22. 22. Appendix 1: Guidelines for Infection Control in Dental Health-Care Settings 2003 The information in this document is should be reviewed by all staff. Guidelines-PDF Format: Hyperlink in Web Version Printed Version - See Resource Manual Appendix 2: Infection Control Inspection Checklist Clinical inspections shall be performed bi-weekly by each clinical area. The results will be addressed and corrections made as needed. The documentation of the inspection will be recorded on the checklist and notations concerning actions taken will be kept on the form. These forms will be assembled in a clinic notebook which shall be readily available for review by members of the Infection Control Committee. A member of the Infection Control Committee shall be designated to make quarterly inspections of clinical areas and review the notebooks of the assigned clinic. This inspection and findings, along with required actions will be recorded on an Infection Control Checklist and placed in the clinical areas’ notebook. Checklist is available in the Resource Manual Appendix 3: MCG School of Dentistry Garment Wear Policy A. Garment Policy 1. Clinics and departments may make decisions concerning what will constitute general garments for wear in non-treatment situations. Clothing may be “street clothes”, scrubs or other appropriate professional dress that meets the SOD Dress code. These garments may not be worn uncovered during patient care procedures other than casual examinations not requiring instrumentation other than a mirror (See exceptions listed below). 2. Garments for patient treatment must meet the standards of care for the practice of dentistry. For procedures that may produce any splatter, spray or other possible contamination, the garment must have long sleeves and be closable at the neck. For the purpose of clarity and to insure proper use of garments, this definition will mean any patient care other than a casual examination. These clinical care garments may not be worn (except for casual pass thru traffic) in other areas of the building to include offices, classrooms, meeting rooms, break areas and dental laboratories (dental laboratories are considered “clean” areas and only items that have been properly disinfected may be carried into those areas). Clinic garments should ideally be left in the operatory if clinicians are leaving the treatment area to accomplish administrative tasks or laboratory work and plan to return to the treatment area. Laboratory coats or disposable aprons should be worn in the laboratory areas. 3. Faculty, post-doctoral students and clinical staff may wear clinic garments in the performance of their supervision duties throughout a general clinical area; however they should not be worn into office areas except for casual pass thru of the area. Chairs and tables in clinical areas where patient care occurs (example-chairs and tables in Clinic 14 bays) shall be considered part of the clinic and as such are “contaminated” areas and clinic garments can be worn in those areas. 4. Clinical garments are considered “contaminated” and should be turned inside out and placed on a hook or hanger for storage in offices or conference rooms. Disposable water soluble bags are available for transportation of soiled garments to laundry facilities. B. Exceptions 1. Treatment Planning Board: Long white “Laboratory” coat type garments can be worn by the faculty or post-doctoral students participating in Treatment Planning Board. Since little or no risk of splatter or spray exists in this clinical area, these exams shall be considered “casual examinations” (see paragraph A.1). Faculty and post-doctoral students could also wear their normal clinical garments but must remove them when in conference areas. Students shall wear their normal clinical garments but must remove them when in conference areas. 2. Diagnostic Clinic: Long white “Laboratory” coat type garments can be worn by the faculty or post- doctoral students participating in Diagnostic Clinic. Since little or no risk of splatter or spray exists in this clinical area, these exams shall be considered “casual examinations” (see paragraph A.1). Faculty and post-doctoral students could also wear their normal clinical garments but must remove them when in conference areas. Students shall wear their normal clinical garments but must remove them when in conference areas. 22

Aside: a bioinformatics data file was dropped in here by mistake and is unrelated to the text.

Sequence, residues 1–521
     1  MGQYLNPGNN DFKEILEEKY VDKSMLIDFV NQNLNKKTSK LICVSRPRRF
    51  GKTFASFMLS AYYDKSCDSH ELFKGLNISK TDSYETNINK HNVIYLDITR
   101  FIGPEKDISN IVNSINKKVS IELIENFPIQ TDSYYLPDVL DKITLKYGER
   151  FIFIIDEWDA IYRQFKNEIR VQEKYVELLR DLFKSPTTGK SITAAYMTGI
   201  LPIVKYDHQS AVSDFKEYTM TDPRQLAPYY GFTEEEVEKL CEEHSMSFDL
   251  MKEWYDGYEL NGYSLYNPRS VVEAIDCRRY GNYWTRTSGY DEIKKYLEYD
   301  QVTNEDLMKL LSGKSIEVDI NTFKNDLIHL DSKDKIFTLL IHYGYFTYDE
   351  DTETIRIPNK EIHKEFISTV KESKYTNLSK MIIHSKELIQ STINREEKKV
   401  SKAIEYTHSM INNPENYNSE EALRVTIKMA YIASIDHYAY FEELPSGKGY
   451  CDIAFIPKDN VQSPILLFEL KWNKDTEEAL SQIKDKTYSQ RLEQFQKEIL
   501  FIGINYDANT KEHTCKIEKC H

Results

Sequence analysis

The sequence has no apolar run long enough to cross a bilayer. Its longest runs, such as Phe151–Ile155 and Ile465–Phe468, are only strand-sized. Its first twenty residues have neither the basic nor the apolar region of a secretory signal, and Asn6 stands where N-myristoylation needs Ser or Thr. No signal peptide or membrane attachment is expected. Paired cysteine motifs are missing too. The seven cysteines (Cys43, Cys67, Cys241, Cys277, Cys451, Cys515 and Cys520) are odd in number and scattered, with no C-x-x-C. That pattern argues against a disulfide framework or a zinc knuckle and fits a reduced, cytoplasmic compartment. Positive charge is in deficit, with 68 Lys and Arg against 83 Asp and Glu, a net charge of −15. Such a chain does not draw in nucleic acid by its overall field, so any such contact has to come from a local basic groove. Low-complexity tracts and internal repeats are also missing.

23. 23. 3. Admissions Screening/Radiology Area: Long white “Laboratory” coat type garments can be worn by the faculty or post-doctoral students participating in Admissions Screening/Radiology. Since little or no risk of splatter or spray exists in this clinical area, these exams shall be considered “casual examinations” (see paragraph A.1). Faculty and post-doctoral students could also wear their normal clinical garments but must remove them when in conference areas. Students shall wear their normal clinical garments but must remove them when in conference areas. C. Garment Color Code: (Paragraph C is noted for future implementation) 1. Faculty: White “laboratory” type coats for classrooms, preclinical areas, etc... White long sleeved closable clinic jacket with knit cuffs for patient care in areas other than those noted in Paragraphs B.1-3. 2. Post-doctoral students: White “laboratory” type coats for classrooms, preclinical areas, etc... White long sleeved closable clinic jacket with knit cuffs for patient care in areas other than those noted in Paragraphs B.1-3. 3. Pre-doctoral students: White “laboratory” type coats for classrooms, preclinical areas, etc... Blue long sleeved closable clinic jacket with knit cuffs for patient care in areas. 4. Staff with patient cares responsibilities: a. Green long sleeved closable clinic jacket with knit cuffs for all patient contact procedures. b. For non-patient contact duties, tan jackets or jackets of choice which do not mimic those jackets indicated in Paragraph C. 1-4a. 5. Staff with no patient care responsibilities: Tan jackets or jackets of choice which do not mimic those jackets indicated in Paragraph C 1-4a. D. Questions and comments should be directed to the Chair, Infection Control and Hazards Committee 23